Date of Award
Master of Science (MS)
First Advisor or Mentor
Phosphatidylethanol (PEth) is an alcohol biomarker that provides a longer window of detection than direct alcohol measurement or other common alcohol metabolites, like ethyl glucuronide. PEth has become useful in assessing drinking history, such as for alcohol-withdrawal treatment, organ transplant settings or prenatal alcohol exposure determination. A method was developed and validated to quantify PEth 16:0/18:1 and 16:0/18:2 in whole blood and dried blood spots (DBS) by liquid chromatography tandem mass spectrometry (LC-MS/MS). The whole blood method was applied to 149 samples from pregnant women, elucidating possible prenatal alcohol exposure. Fifty μL whole blood and 12.7 mm whole punches from DBS were extracted in methanol. Chromatographic separation was performed in gradient mode with a reversed phase C5 column. We employed electrospray ionization in negative mode, and 2 MRM transitions were monitored per analyte. The methods were linear from 10-750 ng/mL, with the limits of detection and quantification at the lowest calibrator. Both analytes in both matrices showed acceptable bias (±20%, n=15) and imprecision (< 20%, n=15) at three QC levels (28.5, 100, 590 ng/mL). Process efficiencies were >23%, with most CV < 20% (n=10). Among the authentic cases, 7 samples had detectable levels of PEth 16:0/18:1 and/or 16:0/18:2 at concentrations from < LOQ to 75.5 ng/mL. A sensitive and specific method was developed in whole blood and DBS for PEth 16:0/18:1 and PEth 16:0/18:2.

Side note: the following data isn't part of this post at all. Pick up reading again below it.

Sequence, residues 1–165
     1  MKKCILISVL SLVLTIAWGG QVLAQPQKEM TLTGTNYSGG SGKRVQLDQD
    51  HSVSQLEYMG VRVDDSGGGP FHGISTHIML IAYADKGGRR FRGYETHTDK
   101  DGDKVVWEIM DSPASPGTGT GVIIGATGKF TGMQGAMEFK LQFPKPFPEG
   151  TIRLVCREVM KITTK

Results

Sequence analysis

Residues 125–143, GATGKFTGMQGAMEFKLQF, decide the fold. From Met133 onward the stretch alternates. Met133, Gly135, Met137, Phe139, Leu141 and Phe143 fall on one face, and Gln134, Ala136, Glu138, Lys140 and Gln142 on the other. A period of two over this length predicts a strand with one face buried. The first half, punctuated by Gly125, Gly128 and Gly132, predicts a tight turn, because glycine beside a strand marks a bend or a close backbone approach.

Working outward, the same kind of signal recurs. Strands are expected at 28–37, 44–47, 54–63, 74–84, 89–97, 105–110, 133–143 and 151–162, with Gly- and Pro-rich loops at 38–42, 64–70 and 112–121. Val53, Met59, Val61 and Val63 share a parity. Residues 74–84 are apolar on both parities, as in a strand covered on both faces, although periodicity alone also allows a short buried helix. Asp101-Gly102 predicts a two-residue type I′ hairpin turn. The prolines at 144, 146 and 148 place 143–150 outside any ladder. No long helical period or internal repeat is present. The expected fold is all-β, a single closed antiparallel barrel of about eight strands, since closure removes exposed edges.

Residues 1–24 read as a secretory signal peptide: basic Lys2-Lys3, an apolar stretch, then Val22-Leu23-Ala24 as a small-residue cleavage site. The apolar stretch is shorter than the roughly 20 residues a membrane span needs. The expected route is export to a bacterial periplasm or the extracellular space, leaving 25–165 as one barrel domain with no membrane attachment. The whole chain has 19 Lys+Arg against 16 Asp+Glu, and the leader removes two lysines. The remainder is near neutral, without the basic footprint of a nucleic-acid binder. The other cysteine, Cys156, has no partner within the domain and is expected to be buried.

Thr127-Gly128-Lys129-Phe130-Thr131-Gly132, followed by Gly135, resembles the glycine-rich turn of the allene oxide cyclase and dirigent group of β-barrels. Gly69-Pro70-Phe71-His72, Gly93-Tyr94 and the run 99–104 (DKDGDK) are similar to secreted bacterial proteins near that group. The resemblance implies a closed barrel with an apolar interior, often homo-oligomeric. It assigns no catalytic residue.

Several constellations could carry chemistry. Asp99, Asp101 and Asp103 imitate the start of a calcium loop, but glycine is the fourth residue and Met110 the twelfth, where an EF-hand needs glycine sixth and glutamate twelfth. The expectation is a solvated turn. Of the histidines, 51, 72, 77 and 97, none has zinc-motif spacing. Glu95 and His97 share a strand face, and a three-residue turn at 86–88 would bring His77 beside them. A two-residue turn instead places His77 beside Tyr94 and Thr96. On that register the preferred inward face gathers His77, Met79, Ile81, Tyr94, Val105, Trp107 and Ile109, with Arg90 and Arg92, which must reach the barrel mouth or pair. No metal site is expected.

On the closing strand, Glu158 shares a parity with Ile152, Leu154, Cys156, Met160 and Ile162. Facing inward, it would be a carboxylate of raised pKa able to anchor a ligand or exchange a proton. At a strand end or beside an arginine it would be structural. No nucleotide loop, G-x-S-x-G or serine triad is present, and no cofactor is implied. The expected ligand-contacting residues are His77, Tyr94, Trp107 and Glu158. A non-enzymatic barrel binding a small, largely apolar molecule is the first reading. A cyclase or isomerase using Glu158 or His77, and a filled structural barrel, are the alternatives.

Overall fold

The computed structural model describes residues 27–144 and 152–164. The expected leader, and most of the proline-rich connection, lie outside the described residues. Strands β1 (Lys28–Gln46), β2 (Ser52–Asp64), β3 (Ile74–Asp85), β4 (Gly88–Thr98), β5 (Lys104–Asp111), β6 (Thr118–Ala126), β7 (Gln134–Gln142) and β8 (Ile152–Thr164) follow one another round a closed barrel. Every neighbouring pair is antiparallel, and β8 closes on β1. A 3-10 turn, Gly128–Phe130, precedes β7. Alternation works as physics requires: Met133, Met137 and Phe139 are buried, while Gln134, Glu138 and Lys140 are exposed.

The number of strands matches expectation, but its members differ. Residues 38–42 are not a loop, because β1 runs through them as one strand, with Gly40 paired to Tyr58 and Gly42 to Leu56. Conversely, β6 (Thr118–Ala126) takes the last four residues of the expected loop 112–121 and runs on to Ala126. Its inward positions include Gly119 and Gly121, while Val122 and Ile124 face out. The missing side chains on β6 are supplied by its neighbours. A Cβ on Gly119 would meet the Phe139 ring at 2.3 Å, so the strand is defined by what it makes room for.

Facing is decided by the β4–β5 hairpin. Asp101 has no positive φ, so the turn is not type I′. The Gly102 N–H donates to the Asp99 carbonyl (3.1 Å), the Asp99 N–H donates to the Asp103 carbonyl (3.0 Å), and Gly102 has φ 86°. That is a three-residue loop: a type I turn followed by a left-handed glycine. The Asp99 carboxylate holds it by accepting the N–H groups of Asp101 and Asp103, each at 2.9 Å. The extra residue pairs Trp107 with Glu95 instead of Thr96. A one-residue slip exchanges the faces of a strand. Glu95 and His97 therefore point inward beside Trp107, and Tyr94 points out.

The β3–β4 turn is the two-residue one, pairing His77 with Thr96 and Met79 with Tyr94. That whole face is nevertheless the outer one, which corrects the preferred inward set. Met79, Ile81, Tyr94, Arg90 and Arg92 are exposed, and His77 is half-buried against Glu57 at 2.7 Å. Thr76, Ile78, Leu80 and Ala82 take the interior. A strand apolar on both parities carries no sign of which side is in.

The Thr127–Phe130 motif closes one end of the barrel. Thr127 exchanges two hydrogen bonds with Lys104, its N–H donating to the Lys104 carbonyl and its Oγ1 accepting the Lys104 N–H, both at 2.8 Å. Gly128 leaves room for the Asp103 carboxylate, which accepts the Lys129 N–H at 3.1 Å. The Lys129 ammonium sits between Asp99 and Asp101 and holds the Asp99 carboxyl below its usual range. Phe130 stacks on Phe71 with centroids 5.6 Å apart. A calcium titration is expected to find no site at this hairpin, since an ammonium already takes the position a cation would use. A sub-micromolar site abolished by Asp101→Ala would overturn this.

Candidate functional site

Yulianto, Elizabeth, "Quantification of Phosphatidylethanol in Whole Blood and Dried Blood Spots by LC-MS/MS" (2022). CUNY Academic Works.
Available for download on Saturday, December 21, 2024